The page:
U.S. factory orders turned in the weakest performance in four months, although a key category that tracks business investment showed more strength.
Factory orders edged up just 0.2 percent in March, a significant slowdown from February’s gain of 1.2 percent. It was also the poorest showing since orders fell 2.3 percent in November, the Commerce Department reported on Thursday.
Despite the overall decline, a key category that tracks business investment rebounded to a 0.5 percent gain. That is the best showing since December’s 0.8 percent increase. The business category increased a small 0.1 percent in February.
American manufacturers continue to rebound from a rough patch over the last two years when demand for American exports fell due to weak overseas economies and the strong U.S. dollar. The latest report reflects a recovery in U.S. exports, as the dollar has stabilized and major overseas markets have posted stronger growth.
The 0.2 percent overall increase included a 0.9 percent gain in durable goods, which was slightly better than the government’s initial estimate last week of a 0.7 percent increase. However, the new report showed that demand for nondurable goods — products that range from food to paper, clothing, gas and chemicals — fell 0.5 percent in March.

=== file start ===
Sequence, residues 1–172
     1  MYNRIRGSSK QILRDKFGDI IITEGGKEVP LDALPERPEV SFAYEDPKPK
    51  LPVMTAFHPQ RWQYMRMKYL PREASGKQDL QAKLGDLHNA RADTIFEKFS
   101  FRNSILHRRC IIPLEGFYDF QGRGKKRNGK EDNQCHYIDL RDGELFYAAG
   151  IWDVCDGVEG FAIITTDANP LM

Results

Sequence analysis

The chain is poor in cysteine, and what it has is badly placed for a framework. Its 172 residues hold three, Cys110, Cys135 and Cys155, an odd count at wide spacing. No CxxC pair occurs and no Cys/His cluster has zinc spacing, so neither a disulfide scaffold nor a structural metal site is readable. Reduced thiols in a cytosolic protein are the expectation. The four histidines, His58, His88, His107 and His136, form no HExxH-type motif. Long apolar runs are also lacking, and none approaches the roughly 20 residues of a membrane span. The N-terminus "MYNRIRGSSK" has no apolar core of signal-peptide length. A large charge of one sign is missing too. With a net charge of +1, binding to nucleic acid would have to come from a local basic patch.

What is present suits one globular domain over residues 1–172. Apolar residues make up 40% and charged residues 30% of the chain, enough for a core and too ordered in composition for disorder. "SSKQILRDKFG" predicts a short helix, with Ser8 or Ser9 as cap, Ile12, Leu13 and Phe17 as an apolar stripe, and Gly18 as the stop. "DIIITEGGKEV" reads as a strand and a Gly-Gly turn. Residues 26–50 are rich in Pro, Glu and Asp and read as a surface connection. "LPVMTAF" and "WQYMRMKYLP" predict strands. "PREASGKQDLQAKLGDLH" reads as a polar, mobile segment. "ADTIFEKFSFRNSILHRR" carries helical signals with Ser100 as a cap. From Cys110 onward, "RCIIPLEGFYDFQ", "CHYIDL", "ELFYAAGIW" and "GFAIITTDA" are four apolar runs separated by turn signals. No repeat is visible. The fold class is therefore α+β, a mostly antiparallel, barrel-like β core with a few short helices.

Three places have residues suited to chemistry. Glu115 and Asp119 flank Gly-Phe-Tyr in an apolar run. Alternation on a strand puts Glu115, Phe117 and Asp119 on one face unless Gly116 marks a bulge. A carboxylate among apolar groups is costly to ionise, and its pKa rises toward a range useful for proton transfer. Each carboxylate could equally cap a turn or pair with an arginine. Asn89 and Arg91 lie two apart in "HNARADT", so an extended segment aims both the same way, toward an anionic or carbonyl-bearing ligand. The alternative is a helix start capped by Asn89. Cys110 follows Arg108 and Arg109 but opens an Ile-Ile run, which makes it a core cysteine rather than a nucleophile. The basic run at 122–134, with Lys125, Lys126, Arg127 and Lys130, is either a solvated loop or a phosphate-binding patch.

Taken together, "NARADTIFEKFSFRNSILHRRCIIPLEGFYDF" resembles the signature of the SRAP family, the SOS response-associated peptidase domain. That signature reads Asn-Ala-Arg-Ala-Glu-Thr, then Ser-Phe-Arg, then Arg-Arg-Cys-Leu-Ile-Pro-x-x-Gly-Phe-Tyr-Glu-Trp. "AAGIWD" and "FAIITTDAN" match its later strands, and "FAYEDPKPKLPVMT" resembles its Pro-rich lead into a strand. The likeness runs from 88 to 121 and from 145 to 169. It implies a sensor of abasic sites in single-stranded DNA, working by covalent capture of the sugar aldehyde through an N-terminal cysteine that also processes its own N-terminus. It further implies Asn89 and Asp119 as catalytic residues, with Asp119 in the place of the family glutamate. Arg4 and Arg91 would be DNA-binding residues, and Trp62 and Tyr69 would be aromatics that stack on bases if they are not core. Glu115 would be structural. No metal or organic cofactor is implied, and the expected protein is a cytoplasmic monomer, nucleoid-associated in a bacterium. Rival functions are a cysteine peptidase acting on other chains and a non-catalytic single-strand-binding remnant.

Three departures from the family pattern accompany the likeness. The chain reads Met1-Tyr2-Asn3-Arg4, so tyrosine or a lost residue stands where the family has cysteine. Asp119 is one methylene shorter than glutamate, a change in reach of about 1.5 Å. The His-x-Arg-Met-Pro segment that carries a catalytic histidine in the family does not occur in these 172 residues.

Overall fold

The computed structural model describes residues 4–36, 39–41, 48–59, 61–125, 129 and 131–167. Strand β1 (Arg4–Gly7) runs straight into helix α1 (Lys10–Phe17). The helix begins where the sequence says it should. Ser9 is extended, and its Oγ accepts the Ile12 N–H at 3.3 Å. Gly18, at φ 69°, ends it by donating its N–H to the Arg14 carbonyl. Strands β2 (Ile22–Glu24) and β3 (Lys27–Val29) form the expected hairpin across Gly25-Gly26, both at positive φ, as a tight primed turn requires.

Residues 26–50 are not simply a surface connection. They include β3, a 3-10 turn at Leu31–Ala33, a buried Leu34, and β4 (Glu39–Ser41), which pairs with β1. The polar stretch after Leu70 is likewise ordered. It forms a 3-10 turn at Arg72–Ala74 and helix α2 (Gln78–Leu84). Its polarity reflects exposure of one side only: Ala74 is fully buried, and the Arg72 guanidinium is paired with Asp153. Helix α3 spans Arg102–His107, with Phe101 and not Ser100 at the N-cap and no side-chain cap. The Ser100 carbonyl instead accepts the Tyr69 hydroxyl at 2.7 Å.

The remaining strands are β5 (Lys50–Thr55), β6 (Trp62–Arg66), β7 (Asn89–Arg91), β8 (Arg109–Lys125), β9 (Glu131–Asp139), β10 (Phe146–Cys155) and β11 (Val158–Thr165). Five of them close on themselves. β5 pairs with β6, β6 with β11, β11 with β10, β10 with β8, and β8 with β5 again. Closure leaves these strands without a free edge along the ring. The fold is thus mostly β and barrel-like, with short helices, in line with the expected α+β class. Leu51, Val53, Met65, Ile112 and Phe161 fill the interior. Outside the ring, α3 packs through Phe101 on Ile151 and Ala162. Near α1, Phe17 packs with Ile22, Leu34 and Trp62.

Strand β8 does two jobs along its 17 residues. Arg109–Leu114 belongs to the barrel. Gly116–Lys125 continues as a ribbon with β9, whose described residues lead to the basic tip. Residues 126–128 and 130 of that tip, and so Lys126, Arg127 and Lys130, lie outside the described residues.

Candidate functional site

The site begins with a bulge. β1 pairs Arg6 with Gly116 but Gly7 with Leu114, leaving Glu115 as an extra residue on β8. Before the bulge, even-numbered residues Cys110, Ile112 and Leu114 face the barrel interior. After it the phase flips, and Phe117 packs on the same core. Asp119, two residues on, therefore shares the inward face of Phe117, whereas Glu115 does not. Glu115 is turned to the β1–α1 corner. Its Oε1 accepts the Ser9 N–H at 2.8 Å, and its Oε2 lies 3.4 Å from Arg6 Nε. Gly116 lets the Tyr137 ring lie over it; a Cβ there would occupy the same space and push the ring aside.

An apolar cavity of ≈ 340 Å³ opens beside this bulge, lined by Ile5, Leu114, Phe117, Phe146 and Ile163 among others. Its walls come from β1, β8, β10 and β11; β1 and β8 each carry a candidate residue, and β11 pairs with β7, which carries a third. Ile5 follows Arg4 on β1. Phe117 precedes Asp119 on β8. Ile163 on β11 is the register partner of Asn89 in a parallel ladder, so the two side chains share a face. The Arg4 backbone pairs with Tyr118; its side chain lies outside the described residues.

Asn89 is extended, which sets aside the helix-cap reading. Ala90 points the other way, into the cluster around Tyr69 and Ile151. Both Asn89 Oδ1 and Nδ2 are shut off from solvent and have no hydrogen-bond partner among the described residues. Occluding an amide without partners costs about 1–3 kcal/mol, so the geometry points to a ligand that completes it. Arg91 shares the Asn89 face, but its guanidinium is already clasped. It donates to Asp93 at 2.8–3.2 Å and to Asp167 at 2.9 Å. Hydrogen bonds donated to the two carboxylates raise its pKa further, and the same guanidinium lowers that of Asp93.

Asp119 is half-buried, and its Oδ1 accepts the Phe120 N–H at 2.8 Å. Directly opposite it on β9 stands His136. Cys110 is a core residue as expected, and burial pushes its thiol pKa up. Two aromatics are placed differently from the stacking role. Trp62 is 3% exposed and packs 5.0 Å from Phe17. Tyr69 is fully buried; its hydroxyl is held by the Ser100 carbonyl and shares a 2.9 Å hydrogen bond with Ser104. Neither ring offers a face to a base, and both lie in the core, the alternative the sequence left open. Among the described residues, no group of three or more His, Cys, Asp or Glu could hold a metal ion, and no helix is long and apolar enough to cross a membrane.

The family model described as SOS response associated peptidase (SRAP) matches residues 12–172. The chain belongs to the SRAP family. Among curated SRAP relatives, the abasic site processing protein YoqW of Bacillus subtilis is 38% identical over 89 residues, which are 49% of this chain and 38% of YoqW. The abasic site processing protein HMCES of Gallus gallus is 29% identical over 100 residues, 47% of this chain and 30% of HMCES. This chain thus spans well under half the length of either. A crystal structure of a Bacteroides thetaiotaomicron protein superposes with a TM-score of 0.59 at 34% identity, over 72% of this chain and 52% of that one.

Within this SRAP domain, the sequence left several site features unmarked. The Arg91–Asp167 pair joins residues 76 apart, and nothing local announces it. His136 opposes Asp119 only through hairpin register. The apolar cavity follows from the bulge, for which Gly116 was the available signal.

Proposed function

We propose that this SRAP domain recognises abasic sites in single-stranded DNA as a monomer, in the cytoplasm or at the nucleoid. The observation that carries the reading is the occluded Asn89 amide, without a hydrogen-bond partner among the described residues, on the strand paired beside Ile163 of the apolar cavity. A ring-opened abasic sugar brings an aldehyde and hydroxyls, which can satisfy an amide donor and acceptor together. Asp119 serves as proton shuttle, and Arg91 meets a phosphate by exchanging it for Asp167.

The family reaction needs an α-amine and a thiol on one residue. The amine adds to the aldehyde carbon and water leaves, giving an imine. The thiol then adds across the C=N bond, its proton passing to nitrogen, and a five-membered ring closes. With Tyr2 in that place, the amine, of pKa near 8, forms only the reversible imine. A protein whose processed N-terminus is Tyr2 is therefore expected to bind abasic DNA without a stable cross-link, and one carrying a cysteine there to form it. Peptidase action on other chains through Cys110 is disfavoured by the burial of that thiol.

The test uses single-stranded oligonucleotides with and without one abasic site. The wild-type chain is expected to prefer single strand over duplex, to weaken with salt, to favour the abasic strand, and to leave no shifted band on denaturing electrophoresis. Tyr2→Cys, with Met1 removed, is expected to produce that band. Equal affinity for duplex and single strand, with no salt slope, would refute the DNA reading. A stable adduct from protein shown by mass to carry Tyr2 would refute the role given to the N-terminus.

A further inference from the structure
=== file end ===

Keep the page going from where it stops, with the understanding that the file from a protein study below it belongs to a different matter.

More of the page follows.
The machinery category was up 0.3 percent, led by large gains for construction and mining and oilfield equipment.
In addition to weak exports, manufacturing activity had been hurt by a steep plunge in energy prices, which led to sharp cutbacks by energy companies in exploration and drilling. With energy prices generally rising over the past year, demand for oilfield equipment has increased.
In March, the demand for commercial aircraft rose 7 percent, after much larger gains the previous two months. Orders for military aircraft were up an even sharper 31 percent.